(vi) As a critic, he says nothing about the matter of literature about the purpose of art and about the style of art. He gives no definition, no classification of literature. Moreover, though he is said to be a critic of criticism yet he is not so because he formulated no rules and principles. His views on style can be traced back to Longinus.

In spite of those faults and weaknesses of Pater as a critic, he has some greatness also because he was, as a critic much fastidious and painstaking and thus he tried his best to contribute to the best of what he perceived and thought. Though his purpose of art i.e. “art for art’s sake” is brought against the book of morality yet he could turn the course of literature from mere deductive motives to aesthetic motives. Moreover, his suggestion to the writers while he says that true art should be the combination of classical spirit as well as romantic spirit—is praiseworthy because the combination of the two spirits can make art good and pleasant.

His place in literature, as a critic, may not be high but he is not at the bottom, because he could have drawn many of his contemporaries under his ardent influence, and yet today his name is pronounced with honor as a leader of the Aesthetic Movement in literature. 0 0 0.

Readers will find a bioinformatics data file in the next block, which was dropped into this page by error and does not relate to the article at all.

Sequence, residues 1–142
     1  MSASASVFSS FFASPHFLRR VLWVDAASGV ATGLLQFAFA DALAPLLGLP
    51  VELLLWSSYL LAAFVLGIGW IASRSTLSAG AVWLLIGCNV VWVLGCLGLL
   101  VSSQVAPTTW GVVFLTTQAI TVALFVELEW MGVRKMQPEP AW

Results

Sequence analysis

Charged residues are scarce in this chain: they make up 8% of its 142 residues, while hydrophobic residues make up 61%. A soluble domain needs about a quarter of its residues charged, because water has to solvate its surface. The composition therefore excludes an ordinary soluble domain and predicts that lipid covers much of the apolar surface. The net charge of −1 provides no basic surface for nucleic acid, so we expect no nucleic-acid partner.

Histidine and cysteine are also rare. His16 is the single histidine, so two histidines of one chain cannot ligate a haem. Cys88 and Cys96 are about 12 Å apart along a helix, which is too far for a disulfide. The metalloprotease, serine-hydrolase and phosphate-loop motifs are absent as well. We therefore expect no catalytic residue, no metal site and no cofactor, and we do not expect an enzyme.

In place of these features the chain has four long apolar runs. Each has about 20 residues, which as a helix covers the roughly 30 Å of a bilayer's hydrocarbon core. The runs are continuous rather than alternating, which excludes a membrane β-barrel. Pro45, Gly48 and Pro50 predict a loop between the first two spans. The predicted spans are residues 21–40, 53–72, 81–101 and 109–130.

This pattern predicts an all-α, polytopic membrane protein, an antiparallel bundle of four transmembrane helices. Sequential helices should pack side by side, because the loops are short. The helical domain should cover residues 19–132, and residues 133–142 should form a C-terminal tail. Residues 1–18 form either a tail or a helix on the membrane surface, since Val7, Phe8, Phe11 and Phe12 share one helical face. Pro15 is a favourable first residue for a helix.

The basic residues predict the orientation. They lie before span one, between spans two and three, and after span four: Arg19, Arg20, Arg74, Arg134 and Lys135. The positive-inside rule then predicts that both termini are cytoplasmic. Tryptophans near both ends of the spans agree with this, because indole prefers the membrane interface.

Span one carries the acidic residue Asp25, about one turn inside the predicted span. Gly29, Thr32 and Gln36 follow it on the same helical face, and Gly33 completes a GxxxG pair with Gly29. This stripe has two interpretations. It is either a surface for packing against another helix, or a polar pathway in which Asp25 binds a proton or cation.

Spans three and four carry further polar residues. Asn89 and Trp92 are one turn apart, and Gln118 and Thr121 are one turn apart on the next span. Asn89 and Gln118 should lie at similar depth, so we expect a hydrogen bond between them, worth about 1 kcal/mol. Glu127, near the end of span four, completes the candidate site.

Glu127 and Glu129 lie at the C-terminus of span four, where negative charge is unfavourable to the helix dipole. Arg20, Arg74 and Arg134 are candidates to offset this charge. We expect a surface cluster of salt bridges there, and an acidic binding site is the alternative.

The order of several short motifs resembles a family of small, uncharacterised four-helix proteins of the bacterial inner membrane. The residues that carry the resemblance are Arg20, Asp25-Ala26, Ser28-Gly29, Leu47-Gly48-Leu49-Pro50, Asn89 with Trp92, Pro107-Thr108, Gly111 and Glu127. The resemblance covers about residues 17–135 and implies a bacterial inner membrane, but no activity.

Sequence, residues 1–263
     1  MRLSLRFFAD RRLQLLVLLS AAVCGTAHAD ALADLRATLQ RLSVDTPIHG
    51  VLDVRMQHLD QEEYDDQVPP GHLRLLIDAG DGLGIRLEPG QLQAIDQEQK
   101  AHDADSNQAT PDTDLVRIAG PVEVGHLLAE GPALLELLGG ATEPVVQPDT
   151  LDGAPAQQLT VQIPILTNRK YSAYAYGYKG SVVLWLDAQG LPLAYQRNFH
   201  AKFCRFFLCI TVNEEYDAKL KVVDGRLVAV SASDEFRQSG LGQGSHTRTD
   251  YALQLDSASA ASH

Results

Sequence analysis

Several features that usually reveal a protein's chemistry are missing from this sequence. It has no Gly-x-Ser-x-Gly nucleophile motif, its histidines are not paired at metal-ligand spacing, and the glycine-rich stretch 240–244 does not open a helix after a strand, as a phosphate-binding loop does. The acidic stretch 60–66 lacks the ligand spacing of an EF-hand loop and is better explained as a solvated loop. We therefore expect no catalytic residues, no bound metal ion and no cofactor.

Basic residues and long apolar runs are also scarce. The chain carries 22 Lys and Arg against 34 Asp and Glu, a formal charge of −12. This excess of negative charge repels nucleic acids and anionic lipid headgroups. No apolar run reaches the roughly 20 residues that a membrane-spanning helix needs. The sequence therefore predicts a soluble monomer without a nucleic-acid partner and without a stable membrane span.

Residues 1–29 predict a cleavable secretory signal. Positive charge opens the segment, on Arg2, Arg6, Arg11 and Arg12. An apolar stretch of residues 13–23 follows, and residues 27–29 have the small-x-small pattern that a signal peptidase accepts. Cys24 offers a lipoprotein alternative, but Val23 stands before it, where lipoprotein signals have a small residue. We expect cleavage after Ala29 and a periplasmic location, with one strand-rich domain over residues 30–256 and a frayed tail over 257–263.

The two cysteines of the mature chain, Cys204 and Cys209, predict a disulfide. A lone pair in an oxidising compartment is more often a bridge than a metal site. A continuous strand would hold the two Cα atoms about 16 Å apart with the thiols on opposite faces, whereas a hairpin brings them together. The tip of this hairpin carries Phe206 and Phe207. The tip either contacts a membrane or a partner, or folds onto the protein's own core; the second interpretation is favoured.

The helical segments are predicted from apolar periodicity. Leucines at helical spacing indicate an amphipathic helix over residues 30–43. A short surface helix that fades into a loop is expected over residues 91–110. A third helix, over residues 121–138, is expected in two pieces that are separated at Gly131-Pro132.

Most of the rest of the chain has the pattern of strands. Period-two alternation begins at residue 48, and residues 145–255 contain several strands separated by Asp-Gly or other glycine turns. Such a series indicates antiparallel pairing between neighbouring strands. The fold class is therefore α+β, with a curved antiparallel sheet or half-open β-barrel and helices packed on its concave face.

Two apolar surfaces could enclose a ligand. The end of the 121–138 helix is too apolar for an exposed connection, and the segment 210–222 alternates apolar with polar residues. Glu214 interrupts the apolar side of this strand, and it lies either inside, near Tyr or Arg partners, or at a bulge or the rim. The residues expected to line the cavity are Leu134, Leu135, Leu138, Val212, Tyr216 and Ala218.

Walter Pater’s Contributions to the History of the Principles and Theories of Literary Criticism

N. B. The article originally belongs to the book entitled ‘ Essays on Literary Theory and Principleby Menonim Menonimus.

Walter Pater’s Contributions to the History of the Principles and Theories of Literary Criticism

Books on Literary Criticism by M. Menonimus:

  1. World Short Story Criticism
  2. World Poetry Criticism
  3. World Drama Criticism
  4. World Novel Criticism
  5. World Essay Criticism
  6. Indian English Poetry Criticism
  7. Indian English Poets and Poetry Chief Features
  8. Emily Dickinson’s Poetry-A Thematic Study
  9. Walt Whitman’s Poetry-A Thematic Study
  10. Critical Essays on English Poetry
  11. Tawfiq al-Hakim’s Novel: Return of the Spirit-An Analytical Study
  12. Tawfiq al-Hakim’s Novel: ‘Yawmiyyat Naib Fil Arayaf’-An Analytical Study
  13. Analytical Studies of Some Arabic Short Stories
  14. A Brief History of Arabic Literature: Pre-Islamic Period (500 AD-622 AD)
  15. A Brief History of Arabic Literature: Early Islamic Period (622 AD-661 AD) …

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I am Menonim Menonimus, a Philosopher & Writer.